Mark Cohen — a member of the Pennsylvania House of Representatives — has authored a memorandum concerning a prospective resolution which will declare June 2013 as “Public School Religious Freedom Month” in Pennsylvania.
The memorandum includes the following:
In the near future, I plan to introduce a resolution designating June 2013 as “Public School Religious Freedom Month” in Pennsylvania.
This resolution recognizes the 50th anniversary of the Supreme Court decision in School District of Abington Township, Pennsylvania v. Schempp handed down on June 17, 1963, which struck down public school-sponsored Bible reading and prayer as unconstitutional. You may recall that Pennsylvania schools were required by law to provide prayer even though it often conflicted with the personal religious perspectives of nonbelievers, agnostics, atheists and believers of many different faiths. School-sponsored Bible reading and prayer also violated the First Amendment of the United States Constitution providing for separation of religion and government.
We must remember the importance of the First Amendment and the individual rights of others to prevent regression and repeat these actions in the future. Please join me in co-sponsoring this important resolution.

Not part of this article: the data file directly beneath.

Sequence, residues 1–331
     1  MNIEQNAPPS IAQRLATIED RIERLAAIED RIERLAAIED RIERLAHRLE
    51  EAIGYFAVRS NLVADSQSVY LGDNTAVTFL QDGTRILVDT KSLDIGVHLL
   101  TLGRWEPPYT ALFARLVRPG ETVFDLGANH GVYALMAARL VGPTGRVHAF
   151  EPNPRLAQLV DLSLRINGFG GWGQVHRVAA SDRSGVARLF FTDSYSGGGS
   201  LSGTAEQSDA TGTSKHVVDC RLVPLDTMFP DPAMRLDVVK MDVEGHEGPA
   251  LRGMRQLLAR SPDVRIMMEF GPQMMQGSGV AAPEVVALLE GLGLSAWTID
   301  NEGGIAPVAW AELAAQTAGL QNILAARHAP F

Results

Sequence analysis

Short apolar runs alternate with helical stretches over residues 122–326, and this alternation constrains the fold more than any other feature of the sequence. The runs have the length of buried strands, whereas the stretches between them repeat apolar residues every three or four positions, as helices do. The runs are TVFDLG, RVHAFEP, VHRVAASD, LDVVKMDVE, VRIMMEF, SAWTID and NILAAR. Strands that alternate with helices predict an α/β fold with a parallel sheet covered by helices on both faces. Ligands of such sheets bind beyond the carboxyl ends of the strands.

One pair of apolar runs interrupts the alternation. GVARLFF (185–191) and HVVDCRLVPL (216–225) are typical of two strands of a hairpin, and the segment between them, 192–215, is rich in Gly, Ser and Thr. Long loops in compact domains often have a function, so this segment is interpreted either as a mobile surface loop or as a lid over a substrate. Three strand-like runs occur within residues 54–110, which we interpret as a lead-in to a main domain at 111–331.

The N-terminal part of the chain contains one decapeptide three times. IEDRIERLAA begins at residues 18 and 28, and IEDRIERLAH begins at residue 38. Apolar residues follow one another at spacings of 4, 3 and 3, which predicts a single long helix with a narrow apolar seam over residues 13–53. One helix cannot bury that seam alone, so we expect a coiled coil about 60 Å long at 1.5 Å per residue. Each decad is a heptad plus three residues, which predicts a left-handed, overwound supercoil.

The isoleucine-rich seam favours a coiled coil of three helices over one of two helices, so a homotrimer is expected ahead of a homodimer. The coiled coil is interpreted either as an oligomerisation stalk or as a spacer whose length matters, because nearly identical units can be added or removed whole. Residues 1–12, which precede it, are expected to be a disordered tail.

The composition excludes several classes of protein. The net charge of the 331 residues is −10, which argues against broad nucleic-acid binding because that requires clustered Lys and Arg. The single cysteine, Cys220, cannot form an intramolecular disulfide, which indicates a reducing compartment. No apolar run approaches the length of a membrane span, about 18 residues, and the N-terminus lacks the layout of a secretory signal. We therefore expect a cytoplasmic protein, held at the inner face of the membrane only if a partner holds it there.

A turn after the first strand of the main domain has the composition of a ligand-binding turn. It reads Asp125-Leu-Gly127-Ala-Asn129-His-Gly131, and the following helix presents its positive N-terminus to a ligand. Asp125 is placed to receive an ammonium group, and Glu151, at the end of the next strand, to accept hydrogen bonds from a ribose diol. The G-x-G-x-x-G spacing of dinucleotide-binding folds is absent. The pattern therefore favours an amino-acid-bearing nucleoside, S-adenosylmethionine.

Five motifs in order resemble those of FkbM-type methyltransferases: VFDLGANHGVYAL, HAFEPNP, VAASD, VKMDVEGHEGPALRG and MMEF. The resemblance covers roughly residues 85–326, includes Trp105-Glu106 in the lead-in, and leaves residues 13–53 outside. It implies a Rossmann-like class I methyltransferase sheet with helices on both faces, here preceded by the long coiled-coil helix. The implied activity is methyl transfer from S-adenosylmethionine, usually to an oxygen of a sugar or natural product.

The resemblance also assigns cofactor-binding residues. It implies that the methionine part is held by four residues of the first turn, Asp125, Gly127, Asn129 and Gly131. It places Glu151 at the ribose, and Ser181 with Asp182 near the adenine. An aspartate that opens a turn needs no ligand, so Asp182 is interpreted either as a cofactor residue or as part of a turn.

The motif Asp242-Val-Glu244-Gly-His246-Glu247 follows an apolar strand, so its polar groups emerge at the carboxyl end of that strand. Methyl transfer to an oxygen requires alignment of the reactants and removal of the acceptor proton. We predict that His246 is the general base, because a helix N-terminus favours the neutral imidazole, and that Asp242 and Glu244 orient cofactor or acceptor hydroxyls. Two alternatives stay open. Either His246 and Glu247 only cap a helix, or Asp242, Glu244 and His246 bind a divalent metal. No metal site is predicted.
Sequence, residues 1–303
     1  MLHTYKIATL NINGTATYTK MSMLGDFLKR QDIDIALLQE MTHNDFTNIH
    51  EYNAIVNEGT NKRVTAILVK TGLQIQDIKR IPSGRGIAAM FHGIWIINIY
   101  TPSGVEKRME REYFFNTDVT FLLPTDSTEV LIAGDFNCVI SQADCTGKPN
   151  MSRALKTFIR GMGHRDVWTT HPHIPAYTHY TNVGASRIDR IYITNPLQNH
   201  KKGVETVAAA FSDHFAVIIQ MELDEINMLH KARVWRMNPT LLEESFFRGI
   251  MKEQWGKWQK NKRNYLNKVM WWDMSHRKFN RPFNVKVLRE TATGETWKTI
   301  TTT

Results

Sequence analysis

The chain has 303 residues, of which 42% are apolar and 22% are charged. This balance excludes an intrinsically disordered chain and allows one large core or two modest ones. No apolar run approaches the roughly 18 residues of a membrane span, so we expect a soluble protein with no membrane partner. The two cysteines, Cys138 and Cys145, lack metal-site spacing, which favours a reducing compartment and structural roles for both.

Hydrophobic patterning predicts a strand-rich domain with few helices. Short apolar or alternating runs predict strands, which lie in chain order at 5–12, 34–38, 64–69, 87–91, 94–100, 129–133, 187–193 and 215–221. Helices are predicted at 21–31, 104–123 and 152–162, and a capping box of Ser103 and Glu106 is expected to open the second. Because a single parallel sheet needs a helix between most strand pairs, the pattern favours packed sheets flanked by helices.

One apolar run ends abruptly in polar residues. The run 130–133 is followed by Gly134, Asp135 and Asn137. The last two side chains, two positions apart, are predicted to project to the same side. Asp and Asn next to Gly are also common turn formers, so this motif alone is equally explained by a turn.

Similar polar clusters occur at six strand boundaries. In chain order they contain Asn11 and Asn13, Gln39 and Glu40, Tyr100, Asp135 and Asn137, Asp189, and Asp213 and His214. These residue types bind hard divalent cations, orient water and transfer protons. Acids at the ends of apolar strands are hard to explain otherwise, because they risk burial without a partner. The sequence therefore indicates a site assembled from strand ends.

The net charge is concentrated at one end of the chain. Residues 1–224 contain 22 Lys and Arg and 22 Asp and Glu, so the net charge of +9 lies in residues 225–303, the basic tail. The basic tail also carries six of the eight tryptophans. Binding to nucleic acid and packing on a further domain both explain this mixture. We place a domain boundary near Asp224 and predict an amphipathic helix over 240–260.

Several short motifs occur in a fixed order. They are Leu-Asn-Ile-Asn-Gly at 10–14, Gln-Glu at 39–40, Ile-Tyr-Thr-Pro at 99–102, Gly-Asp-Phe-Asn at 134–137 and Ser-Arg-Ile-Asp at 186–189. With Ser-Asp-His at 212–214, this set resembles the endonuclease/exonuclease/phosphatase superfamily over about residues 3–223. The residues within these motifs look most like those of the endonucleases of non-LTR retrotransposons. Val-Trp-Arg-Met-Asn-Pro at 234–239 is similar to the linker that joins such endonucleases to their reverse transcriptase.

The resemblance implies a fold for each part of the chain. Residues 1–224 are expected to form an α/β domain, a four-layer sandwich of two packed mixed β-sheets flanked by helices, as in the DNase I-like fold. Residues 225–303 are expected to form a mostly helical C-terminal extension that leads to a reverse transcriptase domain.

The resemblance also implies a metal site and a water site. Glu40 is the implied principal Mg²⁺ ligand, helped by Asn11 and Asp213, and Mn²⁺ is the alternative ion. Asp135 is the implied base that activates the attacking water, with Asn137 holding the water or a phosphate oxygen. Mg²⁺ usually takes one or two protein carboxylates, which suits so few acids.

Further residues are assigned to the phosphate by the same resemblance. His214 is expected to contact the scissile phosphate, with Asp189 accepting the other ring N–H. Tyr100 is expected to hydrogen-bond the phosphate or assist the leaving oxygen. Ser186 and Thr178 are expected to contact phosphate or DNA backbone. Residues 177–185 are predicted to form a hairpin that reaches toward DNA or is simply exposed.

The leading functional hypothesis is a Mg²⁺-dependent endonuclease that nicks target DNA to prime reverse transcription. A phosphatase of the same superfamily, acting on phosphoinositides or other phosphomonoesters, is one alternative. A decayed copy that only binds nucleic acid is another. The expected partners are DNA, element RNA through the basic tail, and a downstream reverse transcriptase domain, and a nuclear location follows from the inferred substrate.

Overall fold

This prospective legislation — affirming the secular nature of public schools — is something advocates of church/state separation, both religious and non-religious, can stand behind. The language contained within the memorandum focuses on the fact that public school-sponsored Bible reading and prayer have been deemed unconstitutional. Also recognized is the diversity of opinions concerning religious belief within public school students.
Concluding the resolution, Rep. Cohen recognizes the importance of Pennsylvanians’ rights, including those found within the First Amendment, so that regression — eroding of rights and violations of the Establishment Clause — may be prevented. Will members of the Pennsylvania House of Representatives heed Cohen’s clarion call and join him in co-sponsoring a “Public School Religious Freedom Month” resolution?
Rep. Cohen’s proposed resolution is a welcome change when considering recent legislation passed by the Pennsylvania House of Representatives including The Year of the Bible, Prayer Month, The Year of Religious Diversity, an attempt to remove anonymity from individuals engaging in lawsuits seeking to uphold the separation of church and state, National Fast Day, and American Religious History Week. Might the tides be turning?